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# The Age of the Universe – Worksheets

Warm-up questions: These questions should be done before you start the activity. Your instructor may go through them as a class, in which case they will not be graded, but they wil be very useful for answering questions in the activity, so make sure you understand them.

1. What does the Hubble constant measure?

2. Compare 2 models at same size (i.e. d is the same for both models.) If v is greater in model A than in model B, will H0 be greater in model A, model B, or the same for both models?

3. For the same two models, will model A be older, or model B, or will they both be the same ag (reminder, the age is 1/H0)?

4. What is Omega Lambda a measure of?

5. Compare 2 models at same size (i.e. d is the same for both models) but one has dark energy. Will the dark energy cause v to increase over time, decrease, or not affect v?

6. If v increases over time, and we measure a value of H0 for now, would H0 have been larger, smaller, or the same in the past?

7. Does having dark energy make the universe appear older, younger, or leave the age unaffected?

## The “Standard” Cosmology

If we look at Hubble’s Law (v=H0 d) we notice that one over the Hubble constant H0 is just distance divided by velocity, which is also a time. Specifically this is the time it would take for any two objects in the universe to move a distance d from each other at an expansion velocity v. This should give us the age of the universe. If you have previously done the Hubble Law lab you have already shown how inverting Hubble’s constant gives the age of the universe. In this lab, you can use the Applet to find the age of the universe.

1. Chose a reasonable value of the Hubble’s constant and enter this under Case 1 in the Cosmo Applet. Set ΩM = 0.0000001 (as close as you can get to 0) . The age of the Universe can be found by showing Plot Age and looking at where the line intersects Age at a redshift of z=0 (now). What age do you find? Be sure to include units.

2. Calculating the age of the universe just using 1/ H0 (as we did in question 1) assumes that the matter in the universe does not affect the expansion and therefore the age of the universe. Of course, there is matter in the universe. Do you think the universe should be younger or older than the age found using 1/ H0? Explain your reasoning.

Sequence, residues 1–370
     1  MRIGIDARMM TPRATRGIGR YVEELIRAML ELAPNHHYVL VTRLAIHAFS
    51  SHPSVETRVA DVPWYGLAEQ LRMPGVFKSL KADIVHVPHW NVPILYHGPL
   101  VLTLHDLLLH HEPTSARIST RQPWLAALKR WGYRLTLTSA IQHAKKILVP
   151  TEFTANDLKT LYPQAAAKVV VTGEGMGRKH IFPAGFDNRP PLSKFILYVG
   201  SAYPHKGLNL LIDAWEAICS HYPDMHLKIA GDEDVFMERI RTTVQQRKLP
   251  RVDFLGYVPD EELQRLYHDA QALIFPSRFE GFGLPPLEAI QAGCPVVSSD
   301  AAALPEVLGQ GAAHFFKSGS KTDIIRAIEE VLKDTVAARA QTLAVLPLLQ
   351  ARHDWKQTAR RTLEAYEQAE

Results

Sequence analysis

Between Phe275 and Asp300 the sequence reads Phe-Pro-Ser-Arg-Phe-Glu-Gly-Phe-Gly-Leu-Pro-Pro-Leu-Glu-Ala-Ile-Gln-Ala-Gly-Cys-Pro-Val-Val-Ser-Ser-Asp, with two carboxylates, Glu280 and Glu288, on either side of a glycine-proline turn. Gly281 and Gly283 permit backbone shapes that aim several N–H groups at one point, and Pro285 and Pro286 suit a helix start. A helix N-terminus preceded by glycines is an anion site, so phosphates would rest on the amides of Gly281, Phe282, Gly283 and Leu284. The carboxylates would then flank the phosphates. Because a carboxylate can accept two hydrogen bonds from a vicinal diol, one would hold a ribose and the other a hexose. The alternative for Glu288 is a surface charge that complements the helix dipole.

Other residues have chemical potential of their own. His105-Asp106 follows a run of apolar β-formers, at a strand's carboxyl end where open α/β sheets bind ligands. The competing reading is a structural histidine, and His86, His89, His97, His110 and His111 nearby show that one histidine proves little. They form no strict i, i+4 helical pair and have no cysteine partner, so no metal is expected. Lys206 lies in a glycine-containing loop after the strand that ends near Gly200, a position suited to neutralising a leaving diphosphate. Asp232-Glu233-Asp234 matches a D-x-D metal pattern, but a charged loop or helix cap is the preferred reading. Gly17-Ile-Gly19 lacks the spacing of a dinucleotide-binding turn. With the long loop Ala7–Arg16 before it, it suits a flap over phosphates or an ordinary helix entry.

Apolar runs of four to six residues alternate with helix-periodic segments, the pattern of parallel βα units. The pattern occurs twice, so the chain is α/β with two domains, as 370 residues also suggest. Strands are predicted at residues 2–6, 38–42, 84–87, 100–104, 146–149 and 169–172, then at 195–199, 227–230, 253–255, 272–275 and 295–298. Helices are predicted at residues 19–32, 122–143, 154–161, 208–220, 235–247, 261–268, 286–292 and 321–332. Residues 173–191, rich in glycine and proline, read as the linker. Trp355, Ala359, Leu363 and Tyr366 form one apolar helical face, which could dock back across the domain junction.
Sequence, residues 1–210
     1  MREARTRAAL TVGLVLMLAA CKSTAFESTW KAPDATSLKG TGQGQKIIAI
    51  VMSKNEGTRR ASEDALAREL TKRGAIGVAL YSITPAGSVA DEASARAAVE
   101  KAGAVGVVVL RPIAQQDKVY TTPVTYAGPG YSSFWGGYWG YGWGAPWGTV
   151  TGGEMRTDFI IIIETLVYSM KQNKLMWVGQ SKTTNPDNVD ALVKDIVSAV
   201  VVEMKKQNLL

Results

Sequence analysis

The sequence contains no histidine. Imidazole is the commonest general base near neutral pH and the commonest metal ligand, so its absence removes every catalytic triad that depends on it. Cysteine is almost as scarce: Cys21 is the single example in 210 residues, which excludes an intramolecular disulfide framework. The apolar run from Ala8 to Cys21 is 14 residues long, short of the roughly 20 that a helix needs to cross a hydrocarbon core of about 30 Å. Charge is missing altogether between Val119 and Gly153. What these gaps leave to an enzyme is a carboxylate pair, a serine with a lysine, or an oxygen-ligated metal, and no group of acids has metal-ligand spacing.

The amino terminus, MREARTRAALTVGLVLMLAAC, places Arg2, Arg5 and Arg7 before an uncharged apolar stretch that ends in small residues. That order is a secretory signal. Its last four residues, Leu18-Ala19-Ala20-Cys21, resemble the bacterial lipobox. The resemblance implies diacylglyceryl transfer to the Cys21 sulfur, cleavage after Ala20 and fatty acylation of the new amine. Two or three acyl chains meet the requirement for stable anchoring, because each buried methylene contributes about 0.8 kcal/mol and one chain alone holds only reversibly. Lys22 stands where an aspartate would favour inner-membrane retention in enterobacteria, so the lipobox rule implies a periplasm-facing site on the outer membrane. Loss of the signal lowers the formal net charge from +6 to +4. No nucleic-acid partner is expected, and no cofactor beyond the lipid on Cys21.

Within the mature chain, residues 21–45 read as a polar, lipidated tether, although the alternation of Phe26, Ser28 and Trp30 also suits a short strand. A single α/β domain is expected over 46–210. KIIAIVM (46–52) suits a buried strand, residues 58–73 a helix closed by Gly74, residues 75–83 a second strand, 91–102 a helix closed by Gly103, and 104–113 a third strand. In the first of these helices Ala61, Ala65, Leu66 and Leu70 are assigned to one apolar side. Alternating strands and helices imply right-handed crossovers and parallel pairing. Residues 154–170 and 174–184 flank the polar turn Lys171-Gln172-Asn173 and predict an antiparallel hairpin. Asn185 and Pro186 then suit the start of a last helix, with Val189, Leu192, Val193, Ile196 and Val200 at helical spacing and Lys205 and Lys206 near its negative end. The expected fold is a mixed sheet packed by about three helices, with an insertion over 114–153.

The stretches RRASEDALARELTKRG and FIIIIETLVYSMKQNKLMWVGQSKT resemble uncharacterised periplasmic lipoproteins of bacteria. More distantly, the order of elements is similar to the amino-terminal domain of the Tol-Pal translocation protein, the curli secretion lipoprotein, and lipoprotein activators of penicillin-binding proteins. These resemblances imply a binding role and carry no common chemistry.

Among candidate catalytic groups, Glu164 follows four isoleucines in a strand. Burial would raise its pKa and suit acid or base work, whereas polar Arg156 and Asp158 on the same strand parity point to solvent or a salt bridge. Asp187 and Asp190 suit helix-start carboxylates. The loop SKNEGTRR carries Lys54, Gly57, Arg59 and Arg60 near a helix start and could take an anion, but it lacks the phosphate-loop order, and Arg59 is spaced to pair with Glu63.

Now test your prediction from question 3.

For Case 1-5 input the same value of H0 and change the value of ΩM between 0.01 and 1 (you can leave the value of ΩL as zero). Record your observations in Table 1.

 Case # H0(km/s/Mpc) Omega Matter Age (Gyr) Case 1 Case 2 Case 3 Case 4 Case 5
1. What happens to the age as the ammount of matter in the universe increases?

## Open or Closed Universe

Recall that ΩM is ratio of the current density of the universe to the critical density that determines whether the universe will expand forever or eventually collapse. Densities of the universe above the critical density will result in a Closed Universe, which will eventually stop expanding. If the density is less than the critical density the Universe will continue to expand forever and is known as an Open Universe. The critical case, where the density of the universe exactly equals that critical density, the Universe will continue to expand forever, but just barely. This is the Flat Universe.

Set the Hubble Constant to 70 and choose three values of ΩM between 0.5 - 2.5 to represent a Closed, Open, and Flat universe. Display these in your Cosmo Applet window and switch to the “Plot Size” graph. Note the vertical axis is the ratio of the size at some other time (r) to the size now (r0). Enter your values of ΩM in table 2, and whether it represents a closed, open or flat universe.

Table 2: Open or Closed Universe
ΩM Closed, Open, or Flat
Case 1
Case 2
Case 3

If necessary, adjust the value of ΩMfor a Closed Universe that allows you to see when it will collapse again.

1. Record the following information:
1. What is your value of ΩM? _______
2. What is the maximum size of this universe? ________
3. What is its maximum age? ______
4. What is its age when it starts to recollapse? ______

## Modern Values of Omega Matter and Omega Lambda

Both the High-Z Supernova Search and the Supernova Cosmology Project (international collaborations of astronomers) found that the expansion of universe is in fact accelerating, rather than simply decelerating due to the attraction of gravity. To account for this acceleration factor, the cosmological constant, Lambda, has been introduced to our equations that describe the Universe.

1. Do you think the universe should be younger or older if ΩL is included? Should the age increase or decrease as ΩL increases? Explain your reasoning.

Use the best values of H0=71 and ΩM= 0.3 for 4 cases. Set ΩL = 0 for the first case, then try different values of ΩL between 0.001 to 1.7 and record the resulting ages in Table 3.

Table 3 - Effect of Omega Lambda
Case # ΩL Age (Gyr)
Case 1 0
Case 2
Case 3
Case 4
1. Does the age increase or decrease as ΩL increases?

2. Observations and theory suggest that the universe is actually flat (OmegaTOTAL = 1.0). This is consistent with a value of ΩL of 0.7 if we have found all the matter (ΩM = 0.3).What is the current age of the universe for this model with a value of H0=71?

Updated: 10/19/12 by SAM

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